‘Mental illness doesn’t discriminate’ is a pretty well known phrase now. It means people of all ages, sizes, races etc can get a mental illness. And this is true, and a great statement to help reduce the stigma of mental illness and allow people to reach out for help, no matter who they are or what they are struggling with. But I think it’s also important to talk about the TYPE of person who gets mental illnesses.
I feel like there’s this stereotype- that to be depressed you must have had a bad childhood for some reason or another, to have an eating disorder you must have been bullied when you were younger and been told you were ‘fat’ or ‘ugly’ and these things will have messed with your self esteem. Yes, this is probably true with a lot of people. A lot of people’s mental illness may be brought to a head after a significant life event etc but it doesn’t have to be the case.
Me? I had an amazing childhood. I’m so fortunate to be able to say I’ve never been bullied, in fact I’ve never really had anyone be unkind to me at all. No one has ever told me that I’m fat or ugly, in all honestly when I was growing up people often complimented me on my looks. My family life has always been good, I have an amazing family - i’m super close to all my siblings and have a loving mum and dad. And yet, for the last couple of years I’ve been plagued by anorexia, depression and anxiety. People may not understand why and I don’t really understand myself either. But mental illness doesn’t work that way. It doesn’t just not go to people who are busy living their normal lives. There is a real lack of understanding that mental illness really can hit anyone and people often ask me why I feel so down and what’s happened to make me feel this way- and when I say nothing or I don’t know people just end up more confused. And I think that adds to the stigma in a way, as it makes people feel less worthy of help. It makes it harder to talk about as no one can understand why you feel that way, and it’s harder to get support when you don’t know what’s wrong in the first place. So I just wanted to say, mental illness really can happen to anyone, and EVERYONE is always valid and worthy of help. You are always ill enough and you don’t need to have a mental illness for a specific ‘reason’ as such to get help.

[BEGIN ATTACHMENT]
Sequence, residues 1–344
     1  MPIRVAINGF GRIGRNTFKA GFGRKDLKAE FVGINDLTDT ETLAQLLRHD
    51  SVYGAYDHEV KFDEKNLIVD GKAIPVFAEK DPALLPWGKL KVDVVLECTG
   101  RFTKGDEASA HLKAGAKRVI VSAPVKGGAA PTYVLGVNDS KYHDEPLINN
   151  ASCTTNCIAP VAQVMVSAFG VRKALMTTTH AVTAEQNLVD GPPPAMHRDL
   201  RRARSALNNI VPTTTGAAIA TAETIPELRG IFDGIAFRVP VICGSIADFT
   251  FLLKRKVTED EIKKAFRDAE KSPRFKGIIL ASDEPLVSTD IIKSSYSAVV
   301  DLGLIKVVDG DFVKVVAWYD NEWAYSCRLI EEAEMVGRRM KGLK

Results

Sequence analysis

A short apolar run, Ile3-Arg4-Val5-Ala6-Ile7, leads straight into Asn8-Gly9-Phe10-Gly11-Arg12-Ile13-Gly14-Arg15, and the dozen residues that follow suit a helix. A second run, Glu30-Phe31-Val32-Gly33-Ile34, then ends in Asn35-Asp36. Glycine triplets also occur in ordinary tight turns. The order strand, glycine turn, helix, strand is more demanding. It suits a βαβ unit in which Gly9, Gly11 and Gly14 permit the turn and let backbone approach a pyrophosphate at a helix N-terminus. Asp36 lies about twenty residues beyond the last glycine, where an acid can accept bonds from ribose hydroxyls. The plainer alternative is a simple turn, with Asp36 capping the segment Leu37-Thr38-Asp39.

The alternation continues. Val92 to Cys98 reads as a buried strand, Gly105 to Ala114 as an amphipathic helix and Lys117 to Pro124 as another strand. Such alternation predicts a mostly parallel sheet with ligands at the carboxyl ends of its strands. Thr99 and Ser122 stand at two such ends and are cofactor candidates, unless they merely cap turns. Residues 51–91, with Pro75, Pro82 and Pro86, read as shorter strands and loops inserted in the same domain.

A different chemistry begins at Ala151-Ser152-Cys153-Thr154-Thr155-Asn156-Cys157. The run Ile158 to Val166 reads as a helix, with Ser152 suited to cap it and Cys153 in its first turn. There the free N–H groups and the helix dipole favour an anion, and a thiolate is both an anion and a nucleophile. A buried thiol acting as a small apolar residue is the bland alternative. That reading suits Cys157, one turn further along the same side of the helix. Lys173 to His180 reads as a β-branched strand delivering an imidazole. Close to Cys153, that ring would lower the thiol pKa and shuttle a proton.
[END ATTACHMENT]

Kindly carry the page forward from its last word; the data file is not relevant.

So if there is one thing I can remind you this mhaw it’s that:
You are you and you are enough.